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List Price US $799
Burton T7 Review And Buying Advice
Overall Rating Liked it!
Riding Style All Mountain
Riding Level Advanced - Expert
Fits Boot size (US) 8-10, 10-12, > 12
Manufactured in China
Shape Directional
Camber Profile Traditional Camber
Stance Setback over 20mm
Approx. Weight Feels Light
Powder Good
Turning Experience Excellent
Carving Excellent
Speed Excellent
Uneven Terrain Average
Switch Average
Jumps Good
Jibbing Poor
Pipe Great
On Snow Feel

Locked In

Turn Initiation

Medium/Fast

Skidded Turns

Hard

Flex

Medium/Stiff

Buttering

Hard

Edge Hold

Hard Snow

Burton T7 2011 - 2010 Review by The Good Ride

Take the Burton Custom X, give it a aluminum core, make the shape more directional and you have the Burton T7. For 2011 they added another # to it so now it’s the T7.  The T7 is really really Fast!   The T7 is geat if you want to ride the mountain really fast and carve out amazing turns.  It’s also one of the better non tapered/non rocker directional snowboards in the powder.  If money is no object and you want to have one of the most expensive freeride boards out there then blow your wad on this.  We wish we could.

Days On this thing- 8
Bindings Used-  Burton C60’s
Riders on this board- 2
Board Used- 162 and 164 Wide

Out of all the companies out there Burton is doing their best to push the tech so snowboards will start to reach the ski price range.  This and the Vapor are a prime example.  This board uses aluminum in the core instead of wood.  It makes it light, stiff and not rail friendly.  All gripes aside about the price this board is fast, mean and incredibly fun to ride.   This board was so expensive we couldn’t buy this out right.  We had to convince a friend to let us borrow his relatively new board for a week.  Now that is a good friend!

On Snow Feel: This board is made to fly down the groomers and could make you want to get up extra early so you can see your lines on the corduroy. This is incredibly fun to carve and the directional shape and good edge hold makes hard pack to slush pretty fun. It’s also very much a board for aggressive advanced to expert riders that know how to handle aggressive camber.

Powder:  Not great but not bad either.  Powder is fun no matter what kind of board you ride but if you have enough money to afford a T6 you should own a powder board as well.

Turn Initiation–  This board is stiff so you have to work for your turns but you get a great reward every time you lean into a turn.  The narrow waist and relatively deep side cut make this board a turning delight.  It’s not for everyone but with work you can make nice short turns in steep chutes or wide sweeping turns on a groomer.  Now with the ICS Binding system the turn initiation is much easier but don’t suddenly think it will turn like a Burton custom.  This is still a very fast and aggressive board.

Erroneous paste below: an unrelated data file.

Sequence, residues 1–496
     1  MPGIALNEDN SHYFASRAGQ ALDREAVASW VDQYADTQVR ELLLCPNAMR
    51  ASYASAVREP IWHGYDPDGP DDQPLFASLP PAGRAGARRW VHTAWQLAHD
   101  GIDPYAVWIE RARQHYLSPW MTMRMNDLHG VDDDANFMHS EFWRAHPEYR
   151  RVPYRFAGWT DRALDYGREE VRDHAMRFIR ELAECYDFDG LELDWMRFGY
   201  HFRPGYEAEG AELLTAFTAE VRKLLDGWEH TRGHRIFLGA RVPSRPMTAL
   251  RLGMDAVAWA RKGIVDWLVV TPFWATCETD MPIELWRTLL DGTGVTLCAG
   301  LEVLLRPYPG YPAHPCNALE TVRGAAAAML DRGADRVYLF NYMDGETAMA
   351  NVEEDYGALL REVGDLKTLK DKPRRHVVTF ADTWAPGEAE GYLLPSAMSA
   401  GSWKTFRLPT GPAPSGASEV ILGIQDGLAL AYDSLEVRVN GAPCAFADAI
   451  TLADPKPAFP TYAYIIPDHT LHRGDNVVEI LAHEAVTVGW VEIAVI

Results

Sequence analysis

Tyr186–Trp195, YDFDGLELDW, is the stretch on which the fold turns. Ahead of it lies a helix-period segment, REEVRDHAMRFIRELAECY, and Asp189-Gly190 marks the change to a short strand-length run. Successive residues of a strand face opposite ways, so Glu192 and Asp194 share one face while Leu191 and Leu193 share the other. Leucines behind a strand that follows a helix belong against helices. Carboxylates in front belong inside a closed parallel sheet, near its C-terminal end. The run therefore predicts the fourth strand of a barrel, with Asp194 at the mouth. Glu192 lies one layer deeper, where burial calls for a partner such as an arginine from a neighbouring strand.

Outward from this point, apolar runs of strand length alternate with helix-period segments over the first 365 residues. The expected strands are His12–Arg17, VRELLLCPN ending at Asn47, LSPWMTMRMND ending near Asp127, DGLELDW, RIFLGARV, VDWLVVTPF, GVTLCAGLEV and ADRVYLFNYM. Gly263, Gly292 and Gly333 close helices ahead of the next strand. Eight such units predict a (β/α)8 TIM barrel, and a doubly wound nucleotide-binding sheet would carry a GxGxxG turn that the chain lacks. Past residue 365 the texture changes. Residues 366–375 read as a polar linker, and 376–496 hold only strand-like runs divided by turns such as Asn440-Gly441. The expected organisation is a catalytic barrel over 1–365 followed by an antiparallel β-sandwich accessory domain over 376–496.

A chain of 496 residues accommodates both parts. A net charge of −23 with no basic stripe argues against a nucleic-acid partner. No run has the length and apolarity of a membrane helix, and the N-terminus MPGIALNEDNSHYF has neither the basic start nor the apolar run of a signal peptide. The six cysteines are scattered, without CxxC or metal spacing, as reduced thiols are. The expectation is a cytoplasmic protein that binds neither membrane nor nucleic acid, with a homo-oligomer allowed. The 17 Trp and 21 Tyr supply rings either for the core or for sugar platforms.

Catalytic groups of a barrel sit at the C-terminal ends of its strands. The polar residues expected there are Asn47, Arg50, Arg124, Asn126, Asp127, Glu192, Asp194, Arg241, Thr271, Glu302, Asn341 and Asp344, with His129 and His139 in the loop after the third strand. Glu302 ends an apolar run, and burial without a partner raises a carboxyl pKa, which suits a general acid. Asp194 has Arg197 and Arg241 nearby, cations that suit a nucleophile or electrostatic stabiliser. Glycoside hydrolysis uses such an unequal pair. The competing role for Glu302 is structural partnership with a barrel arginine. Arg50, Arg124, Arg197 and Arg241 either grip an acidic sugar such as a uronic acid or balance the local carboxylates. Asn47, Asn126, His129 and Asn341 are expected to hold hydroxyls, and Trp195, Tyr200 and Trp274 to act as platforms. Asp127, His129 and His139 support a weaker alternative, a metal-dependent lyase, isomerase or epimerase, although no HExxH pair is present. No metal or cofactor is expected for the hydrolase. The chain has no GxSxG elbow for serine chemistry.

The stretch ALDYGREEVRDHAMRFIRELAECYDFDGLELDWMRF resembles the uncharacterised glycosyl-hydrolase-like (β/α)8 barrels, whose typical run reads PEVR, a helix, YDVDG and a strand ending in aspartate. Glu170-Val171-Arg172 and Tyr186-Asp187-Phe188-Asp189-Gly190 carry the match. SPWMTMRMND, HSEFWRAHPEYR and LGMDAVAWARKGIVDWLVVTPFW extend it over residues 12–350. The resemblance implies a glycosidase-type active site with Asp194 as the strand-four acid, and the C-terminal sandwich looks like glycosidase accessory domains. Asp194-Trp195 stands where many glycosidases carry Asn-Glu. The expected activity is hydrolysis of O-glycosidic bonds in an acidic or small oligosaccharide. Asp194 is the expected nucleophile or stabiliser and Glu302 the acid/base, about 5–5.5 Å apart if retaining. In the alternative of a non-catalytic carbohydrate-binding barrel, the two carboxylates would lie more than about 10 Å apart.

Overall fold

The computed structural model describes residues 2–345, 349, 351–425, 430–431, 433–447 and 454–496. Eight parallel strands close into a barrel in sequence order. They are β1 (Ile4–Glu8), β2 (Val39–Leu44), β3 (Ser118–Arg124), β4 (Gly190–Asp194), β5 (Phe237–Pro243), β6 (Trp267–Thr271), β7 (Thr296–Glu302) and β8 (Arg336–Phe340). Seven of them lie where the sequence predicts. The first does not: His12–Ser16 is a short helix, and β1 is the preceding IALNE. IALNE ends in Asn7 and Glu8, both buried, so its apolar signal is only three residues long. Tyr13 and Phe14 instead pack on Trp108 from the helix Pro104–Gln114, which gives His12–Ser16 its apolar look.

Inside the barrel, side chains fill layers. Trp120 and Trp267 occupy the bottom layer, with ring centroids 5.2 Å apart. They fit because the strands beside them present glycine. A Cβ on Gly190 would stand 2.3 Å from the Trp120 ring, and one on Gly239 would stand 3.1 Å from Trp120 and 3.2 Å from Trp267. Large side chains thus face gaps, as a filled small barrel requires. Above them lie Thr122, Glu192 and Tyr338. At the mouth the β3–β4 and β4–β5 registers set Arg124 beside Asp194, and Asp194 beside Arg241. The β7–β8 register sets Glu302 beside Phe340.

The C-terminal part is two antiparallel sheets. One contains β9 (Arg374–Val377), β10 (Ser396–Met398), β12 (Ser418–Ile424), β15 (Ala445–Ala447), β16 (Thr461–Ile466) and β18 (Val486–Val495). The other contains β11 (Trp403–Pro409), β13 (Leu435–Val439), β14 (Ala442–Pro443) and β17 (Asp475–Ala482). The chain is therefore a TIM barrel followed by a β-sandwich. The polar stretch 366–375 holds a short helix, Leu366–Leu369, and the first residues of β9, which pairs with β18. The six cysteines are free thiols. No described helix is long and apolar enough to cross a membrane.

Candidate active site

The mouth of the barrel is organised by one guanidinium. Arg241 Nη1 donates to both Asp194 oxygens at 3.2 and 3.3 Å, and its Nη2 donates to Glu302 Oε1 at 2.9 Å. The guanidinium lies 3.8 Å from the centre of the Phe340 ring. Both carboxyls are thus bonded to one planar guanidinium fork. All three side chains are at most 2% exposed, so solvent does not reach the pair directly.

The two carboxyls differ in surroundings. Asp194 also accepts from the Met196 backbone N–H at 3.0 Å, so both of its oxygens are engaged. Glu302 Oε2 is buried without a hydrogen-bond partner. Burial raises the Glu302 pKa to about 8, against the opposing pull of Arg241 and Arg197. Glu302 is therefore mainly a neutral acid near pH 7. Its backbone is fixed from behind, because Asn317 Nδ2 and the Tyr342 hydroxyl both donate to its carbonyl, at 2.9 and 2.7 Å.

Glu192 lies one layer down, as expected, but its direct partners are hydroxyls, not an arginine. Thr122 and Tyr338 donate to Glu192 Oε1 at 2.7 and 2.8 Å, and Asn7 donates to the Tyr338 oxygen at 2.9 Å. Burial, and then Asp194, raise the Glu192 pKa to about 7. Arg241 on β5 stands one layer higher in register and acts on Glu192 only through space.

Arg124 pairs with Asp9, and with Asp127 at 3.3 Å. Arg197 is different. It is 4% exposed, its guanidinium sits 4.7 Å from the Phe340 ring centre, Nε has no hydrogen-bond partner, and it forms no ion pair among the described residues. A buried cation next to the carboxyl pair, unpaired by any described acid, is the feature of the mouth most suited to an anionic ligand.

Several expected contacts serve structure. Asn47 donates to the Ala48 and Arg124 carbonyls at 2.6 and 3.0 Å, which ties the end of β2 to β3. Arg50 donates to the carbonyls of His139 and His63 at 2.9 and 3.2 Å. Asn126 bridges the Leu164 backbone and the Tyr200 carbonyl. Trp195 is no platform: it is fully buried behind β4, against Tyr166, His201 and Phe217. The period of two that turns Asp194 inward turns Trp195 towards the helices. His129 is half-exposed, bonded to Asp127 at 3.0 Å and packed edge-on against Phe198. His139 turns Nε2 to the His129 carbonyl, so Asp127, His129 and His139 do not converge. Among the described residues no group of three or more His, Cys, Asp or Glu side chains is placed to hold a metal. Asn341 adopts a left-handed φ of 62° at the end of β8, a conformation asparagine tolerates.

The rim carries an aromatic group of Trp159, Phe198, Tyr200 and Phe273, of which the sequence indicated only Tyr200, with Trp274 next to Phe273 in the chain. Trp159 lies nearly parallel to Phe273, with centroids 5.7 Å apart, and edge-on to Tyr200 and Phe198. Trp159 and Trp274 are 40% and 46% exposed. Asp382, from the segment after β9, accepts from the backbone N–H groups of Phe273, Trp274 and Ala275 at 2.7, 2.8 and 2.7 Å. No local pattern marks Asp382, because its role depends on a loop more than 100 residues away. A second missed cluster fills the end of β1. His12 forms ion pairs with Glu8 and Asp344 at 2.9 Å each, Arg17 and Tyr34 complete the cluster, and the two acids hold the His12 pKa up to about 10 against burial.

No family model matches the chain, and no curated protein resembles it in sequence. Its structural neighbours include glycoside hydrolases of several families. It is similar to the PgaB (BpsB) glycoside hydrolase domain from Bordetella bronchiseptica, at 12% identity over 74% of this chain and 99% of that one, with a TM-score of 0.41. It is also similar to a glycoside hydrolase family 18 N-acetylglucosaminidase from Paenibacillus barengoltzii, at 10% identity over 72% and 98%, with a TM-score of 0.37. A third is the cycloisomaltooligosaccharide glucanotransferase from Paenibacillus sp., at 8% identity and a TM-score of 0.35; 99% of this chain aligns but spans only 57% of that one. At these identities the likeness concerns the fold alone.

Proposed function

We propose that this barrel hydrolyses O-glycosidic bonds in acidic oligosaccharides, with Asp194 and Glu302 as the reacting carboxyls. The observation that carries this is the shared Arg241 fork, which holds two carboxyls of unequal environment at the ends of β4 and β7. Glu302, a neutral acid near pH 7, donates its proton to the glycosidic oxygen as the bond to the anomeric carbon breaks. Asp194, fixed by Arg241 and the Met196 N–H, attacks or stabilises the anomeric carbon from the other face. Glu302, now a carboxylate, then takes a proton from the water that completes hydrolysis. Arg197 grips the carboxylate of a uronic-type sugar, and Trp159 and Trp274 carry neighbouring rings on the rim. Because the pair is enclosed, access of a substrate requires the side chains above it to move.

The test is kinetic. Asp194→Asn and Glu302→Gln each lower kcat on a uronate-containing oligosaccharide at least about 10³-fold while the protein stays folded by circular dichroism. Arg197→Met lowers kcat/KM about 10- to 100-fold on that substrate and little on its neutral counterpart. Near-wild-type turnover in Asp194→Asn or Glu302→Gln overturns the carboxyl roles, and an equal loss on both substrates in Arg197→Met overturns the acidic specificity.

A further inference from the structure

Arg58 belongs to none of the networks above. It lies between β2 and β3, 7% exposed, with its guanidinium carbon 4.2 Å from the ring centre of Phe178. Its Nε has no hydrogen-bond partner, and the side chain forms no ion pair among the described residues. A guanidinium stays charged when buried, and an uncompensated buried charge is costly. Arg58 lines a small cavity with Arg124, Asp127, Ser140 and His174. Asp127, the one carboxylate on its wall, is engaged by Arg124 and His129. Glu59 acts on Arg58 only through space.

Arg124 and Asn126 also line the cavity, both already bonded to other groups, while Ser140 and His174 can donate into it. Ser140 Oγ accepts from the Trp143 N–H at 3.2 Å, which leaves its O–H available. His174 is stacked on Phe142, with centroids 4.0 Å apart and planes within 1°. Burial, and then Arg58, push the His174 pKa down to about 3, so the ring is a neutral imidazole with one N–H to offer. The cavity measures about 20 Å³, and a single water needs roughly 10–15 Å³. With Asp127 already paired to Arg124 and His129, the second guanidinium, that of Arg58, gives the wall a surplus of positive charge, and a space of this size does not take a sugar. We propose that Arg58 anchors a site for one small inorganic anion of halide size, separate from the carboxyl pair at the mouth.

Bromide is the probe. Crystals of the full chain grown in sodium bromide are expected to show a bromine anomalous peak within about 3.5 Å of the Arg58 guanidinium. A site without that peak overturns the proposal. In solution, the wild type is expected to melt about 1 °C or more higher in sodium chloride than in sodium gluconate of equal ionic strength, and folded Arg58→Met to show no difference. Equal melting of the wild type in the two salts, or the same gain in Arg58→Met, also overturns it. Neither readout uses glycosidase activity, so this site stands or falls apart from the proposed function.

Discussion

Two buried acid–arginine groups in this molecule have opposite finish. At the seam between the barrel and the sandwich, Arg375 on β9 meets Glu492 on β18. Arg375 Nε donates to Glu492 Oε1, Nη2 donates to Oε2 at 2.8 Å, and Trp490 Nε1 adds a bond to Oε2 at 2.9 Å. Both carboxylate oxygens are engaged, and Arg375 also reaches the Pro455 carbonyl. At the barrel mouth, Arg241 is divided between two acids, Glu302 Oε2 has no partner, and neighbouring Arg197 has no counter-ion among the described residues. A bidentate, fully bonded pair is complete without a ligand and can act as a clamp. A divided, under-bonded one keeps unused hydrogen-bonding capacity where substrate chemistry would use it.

Speed: This board is very fast.  Possibly the fastest board Burton makes.  Chatter is non existent.

Uneven Snow- Not ideal for slowing down and dealing with bumpy snow.  It’s almost the opposite when it comes to it’s ability to handle speed.

Approximate Weight– Very light.  You won’t feel this on your feet riding up the chair unless the wind is tugging on it.

Edge Hold:  Burton has a little extension of the edges between each foot for this board, sharp sturdy edges and a stiff flex.   That makes for a grip almost good enough for that rare but scary blue ice you come across.  We found it to hold in any condition we experienced.  The worst we ever experienced was hard pack but it really tore through it and leads us to believe you could use these edges on ice skates.

Stiffness–  Pretty stiff throughout the entire board longitudinally and torsion-ally.  Boards these days are definitely getting softer but this is still on the stiff side of it all.

Jibbing- Yeah right!

Switch: Not great.  This board is made primarily for going one direction.  A good rider can ride anything switch so if you rip you’ll get use to it and it will be fine.

Rails/Boxes– ouch!  This metal core, stiff flex and super sharp edges are not made for rails.

Pipe: If you want to go one direction and launch as high as possible out of the pipe then you won’t find a much better board to do so.

Jumps: We found this to have a good spring off of jumps but again the directional shape can make it difficult to start spinning or land switch.  If you want to go big this will be there for you.  The older models use to literally break in half but this is something Burton has fixed the last few seasons.   We aren’t good enough to push a board that hard to find out if that still happens.

 

 
Burton T7 Specs

 
Burton T7 Images

We try to get as many images of the Burton T7, but forgive us if they're not all there.

2011

2010

 
Burton Company Information

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Burton T7 Review And Buying Advice SKU UPC Model

LIGHT, FAST, stable and carves

Oct 14, 2016 by Brent Cameron
Ability Level: Intermediate • 
Riding Style: Free ride • 
Days You Ride A Year: 50 • 
Height, Weight And Boot Size (for Boards, Boots & Bindings): 6'2", 250 and 12 

Awesome board if you love to cruise fast and carve. Shit in the park. Weighs next to nothing. You can go warp 7 and it feels like it's on rails. You'll pass everyone on the slopes AND on the flats. Very few skiers can even keep up with this. It's VERY stiff so isn't good for the park or for ollies and such. One step down from a full out carving board. Best with very stiff boats and bindings. You think about turning and you are already heading up hill. Speed demons will love it.


5.0 5.0 1 1 Awesome board if you love to cruise fast and carve. Shit in the park. Weighs next to nothing. You can go warp 7 and it feels like it's on rails. You'll pass everyone on the slopes Burton T7 Review And Buying Advice